Corina MacDonald takes command as CMD

April 7, 2015

By combining, editing, and mixing other sounds, there’s no denying that sample-based electronic music is a culture of collage. Few people understand this as well as Montreal musician Corina MacDonald, a radio host and techno artist who mixes and blends fascinating sounds under her aliases Cyan and CMD.

In the late ‘90s, MacDonald left her native Calgary for the UK, ultimately ending up in Montreal. These two locales opened her up to many exciting new sounds. “Being exposed to those new music scenes was really exciting and inspiring and I developed a love for techno in particular,” she recalls. “The sounds that I am drawn to in electronic music tend to be deep and atmospheric, sometimes acid, sometimes dub-inspired or industrial-inspired.”

That diversity is also inextricably tied to the radio, a medium that has followed her throughout her life. In addition to her parents’ record collection, she explains that her earliest musical memories stem from the FM dial.

“Radio was also an important thing for me, not necessarily always because of the music being broadcast, but because I liked the idea of being able to tune in to all these remote broadcasts that could sometimes be picked up,” she recalls. “When I was 7 I got my own radio and before going to sleep I liked to spend time moving up and down the bands looking for weird late night programming.”

Upon arriving in Montreal, MacDonald started Modular_Systems, her bi-weekly show that continues to impress on McGill’s community station CKUT, which she hosts under her Cyan alias. “From there just kept exploring new sounds, buying records and learning to mix them,” she recalls.

Her curatorial, collage-like approach to music also contributed to the genesis of her techno alter-ego. “At some point I got really into making mix tapes. I was listening to minimal composers like Wim Mertens, Philip Glass and Meredith Monk, as well as pop, folk and ambient music,” she recalls. “I was really into projects like This Mortal Coil and and Brian Eno’s Ambient series. I liked to mix music together based on similar sonic qualities or textures, not necessarily by genre or tempo.”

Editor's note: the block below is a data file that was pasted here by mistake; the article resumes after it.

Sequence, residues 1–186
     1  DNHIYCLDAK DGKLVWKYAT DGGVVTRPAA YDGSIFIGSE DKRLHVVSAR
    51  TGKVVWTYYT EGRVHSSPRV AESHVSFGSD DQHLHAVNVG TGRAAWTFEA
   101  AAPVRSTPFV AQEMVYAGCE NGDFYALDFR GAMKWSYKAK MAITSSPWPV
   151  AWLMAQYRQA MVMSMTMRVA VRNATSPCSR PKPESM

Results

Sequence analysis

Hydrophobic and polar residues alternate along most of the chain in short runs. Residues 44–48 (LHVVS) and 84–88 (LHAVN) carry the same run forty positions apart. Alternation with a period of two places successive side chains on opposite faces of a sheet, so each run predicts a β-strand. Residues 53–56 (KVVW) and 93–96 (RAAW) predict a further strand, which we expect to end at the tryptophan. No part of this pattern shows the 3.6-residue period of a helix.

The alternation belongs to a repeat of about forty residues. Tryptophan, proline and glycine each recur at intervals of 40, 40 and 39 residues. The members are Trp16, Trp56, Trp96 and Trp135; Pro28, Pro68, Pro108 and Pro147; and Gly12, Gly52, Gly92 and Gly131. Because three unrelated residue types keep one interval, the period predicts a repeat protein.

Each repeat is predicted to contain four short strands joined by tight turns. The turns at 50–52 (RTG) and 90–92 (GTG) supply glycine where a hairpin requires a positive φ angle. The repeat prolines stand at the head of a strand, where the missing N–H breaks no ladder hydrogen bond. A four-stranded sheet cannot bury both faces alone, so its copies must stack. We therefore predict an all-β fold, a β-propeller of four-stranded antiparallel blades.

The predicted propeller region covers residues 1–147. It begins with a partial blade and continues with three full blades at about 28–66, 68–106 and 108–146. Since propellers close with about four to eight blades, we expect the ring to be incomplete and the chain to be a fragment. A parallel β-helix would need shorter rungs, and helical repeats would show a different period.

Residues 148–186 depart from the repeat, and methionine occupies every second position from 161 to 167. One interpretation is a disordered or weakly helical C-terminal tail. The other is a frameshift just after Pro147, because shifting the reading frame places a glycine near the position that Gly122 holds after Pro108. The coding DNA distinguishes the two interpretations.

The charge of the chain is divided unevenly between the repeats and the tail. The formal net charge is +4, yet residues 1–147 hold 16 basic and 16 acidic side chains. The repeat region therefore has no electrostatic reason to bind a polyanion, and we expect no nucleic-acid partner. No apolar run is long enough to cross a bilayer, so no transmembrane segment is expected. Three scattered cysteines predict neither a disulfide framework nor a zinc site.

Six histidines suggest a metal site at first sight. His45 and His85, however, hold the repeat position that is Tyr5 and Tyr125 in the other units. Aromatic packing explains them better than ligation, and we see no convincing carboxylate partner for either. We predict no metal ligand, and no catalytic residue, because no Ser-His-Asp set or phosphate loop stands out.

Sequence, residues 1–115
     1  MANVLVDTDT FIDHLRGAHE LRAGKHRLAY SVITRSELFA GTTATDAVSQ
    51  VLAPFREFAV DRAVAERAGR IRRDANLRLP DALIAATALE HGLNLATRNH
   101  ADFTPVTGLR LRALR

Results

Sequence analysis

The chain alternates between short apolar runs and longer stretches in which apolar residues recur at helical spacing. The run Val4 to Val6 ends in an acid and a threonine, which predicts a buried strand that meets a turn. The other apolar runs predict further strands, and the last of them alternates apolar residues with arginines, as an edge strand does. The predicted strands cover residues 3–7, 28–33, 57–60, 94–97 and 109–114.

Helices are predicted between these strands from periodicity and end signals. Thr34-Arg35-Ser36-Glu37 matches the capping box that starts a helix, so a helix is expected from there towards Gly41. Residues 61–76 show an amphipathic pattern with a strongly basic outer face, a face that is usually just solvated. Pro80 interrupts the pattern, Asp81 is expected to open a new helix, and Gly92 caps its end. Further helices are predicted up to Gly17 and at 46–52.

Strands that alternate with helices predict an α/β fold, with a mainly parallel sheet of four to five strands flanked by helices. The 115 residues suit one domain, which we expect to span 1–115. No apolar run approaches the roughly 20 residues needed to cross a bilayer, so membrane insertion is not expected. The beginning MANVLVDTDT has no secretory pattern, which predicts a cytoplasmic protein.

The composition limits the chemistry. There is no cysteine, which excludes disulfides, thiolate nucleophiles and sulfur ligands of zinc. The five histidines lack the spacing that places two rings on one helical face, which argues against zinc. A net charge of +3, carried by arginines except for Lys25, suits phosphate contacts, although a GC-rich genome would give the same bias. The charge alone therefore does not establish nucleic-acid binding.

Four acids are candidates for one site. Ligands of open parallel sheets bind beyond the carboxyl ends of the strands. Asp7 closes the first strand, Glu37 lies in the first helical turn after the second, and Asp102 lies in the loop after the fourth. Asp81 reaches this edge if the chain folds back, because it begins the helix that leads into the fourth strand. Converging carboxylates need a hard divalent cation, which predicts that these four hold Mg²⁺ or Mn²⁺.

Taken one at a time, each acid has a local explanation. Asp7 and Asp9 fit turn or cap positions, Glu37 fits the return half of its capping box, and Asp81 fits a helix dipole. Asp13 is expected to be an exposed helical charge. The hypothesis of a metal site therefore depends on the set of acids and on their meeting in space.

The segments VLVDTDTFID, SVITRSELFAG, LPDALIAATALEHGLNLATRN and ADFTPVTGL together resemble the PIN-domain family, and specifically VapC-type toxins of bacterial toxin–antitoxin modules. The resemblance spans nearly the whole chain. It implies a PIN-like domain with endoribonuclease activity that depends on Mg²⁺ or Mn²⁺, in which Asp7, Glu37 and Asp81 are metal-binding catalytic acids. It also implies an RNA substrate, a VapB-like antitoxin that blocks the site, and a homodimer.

Under the CMD moniker, MacDonald has developed a knack for forward-thinking techno music. And while her songs certainly possess the textural depth and sonic complexity to match any of her peers, she approaches them from a purely sample-based mindset.

“I’m really interested in sample manipulation,” she explains. “I work with samples as a starting point, sometimes samples that I record from synthesizer jams, or sounds that I’ve recorded (drawer opening, cat purring) or collected (drum kits for example) over the years.”

From there, she uses the Audiomulch software “as a kind of sketchpad…. I then throw together different sound elements until I have the core of something that I want to keep building on. What I end up using as the basis for a song is often completely different from what I might have been thinking initially, so it’s kind of fun to see what emerges from the process.”

Her music is often well-received by Montreal’s dance community. “Montreal is definitely a house and techno-friendly town, so there is an audience here for the kind of music I produce,” MacDonald says. “I’ve had good responses to my live sets, and support from other producers and DJs here, which is very encouraging.”

With tracks as fascinating, creative and refreshing as these, the support should come as no surprise.

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